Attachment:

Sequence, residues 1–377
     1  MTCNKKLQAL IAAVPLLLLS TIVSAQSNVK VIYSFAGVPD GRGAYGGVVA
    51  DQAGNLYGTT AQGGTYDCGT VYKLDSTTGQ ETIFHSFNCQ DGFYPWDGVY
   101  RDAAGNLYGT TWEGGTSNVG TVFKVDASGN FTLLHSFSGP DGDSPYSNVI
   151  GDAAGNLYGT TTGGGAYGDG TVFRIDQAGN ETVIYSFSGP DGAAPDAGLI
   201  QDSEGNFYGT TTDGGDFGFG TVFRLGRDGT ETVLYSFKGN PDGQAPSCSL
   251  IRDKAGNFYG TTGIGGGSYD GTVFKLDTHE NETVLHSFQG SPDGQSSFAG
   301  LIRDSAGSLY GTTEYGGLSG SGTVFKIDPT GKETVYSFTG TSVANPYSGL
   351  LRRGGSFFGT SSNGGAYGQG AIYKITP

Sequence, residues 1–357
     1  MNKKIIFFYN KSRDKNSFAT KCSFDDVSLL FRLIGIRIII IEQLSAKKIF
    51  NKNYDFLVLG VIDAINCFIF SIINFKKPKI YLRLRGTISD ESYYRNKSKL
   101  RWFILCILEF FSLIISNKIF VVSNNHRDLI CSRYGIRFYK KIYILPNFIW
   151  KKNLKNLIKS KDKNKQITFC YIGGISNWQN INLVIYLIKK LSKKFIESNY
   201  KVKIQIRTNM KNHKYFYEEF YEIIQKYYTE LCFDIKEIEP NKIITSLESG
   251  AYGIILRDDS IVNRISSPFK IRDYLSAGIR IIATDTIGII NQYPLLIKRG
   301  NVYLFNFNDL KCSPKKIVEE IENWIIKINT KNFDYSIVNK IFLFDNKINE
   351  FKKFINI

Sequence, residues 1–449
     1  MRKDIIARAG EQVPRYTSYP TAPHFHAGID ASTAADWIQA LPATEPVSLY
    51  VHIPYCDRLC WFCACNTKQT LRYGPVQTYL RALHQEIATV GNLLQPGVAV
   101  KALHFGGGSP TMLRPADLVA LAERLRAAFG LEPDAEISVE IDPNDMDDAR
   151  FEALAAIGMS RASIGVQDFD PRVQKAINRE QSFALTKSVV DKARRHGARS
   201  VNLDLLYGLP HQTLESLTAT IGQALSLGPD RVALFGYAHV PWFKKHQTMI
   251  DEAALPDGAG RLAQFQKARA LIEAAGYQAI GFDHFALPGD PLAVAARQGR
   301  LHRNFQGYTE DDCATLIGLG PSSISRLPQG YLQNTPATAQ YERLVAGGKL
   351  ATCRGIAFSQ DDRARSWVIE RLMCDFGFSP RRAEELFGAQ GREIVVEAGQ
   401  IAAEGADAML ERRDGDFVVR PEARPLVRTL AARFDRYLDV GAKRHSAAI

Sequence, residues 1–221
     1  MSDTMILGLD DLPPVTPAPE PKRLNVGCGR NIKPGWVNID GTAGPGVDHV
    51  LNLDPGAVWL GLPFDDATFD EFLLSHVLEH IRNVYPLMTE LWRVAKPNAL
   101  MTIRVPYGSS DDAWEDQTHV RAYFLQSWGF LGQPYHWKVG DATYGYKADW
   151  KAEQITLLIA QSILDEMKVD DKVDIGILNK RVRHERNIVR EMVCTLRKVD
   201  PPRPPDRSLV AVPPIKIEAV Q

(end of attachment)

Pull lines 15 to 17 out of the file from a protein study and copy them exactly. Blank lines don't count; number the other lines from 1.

   201  KVKIQIRTNM KNHKYFYEEF YEIIQKYYTE LCFDIKEIEP NKIITSLESG
   251  AYGIILRDDS IVNRISSPFK IRDYLSAGIR IIATDTIGII NQYPLLIKRG
   301  NVYLFNFNDL KCSPKKIVEE IENWIIKINT KNFDYSIVNK IFLFDNKINE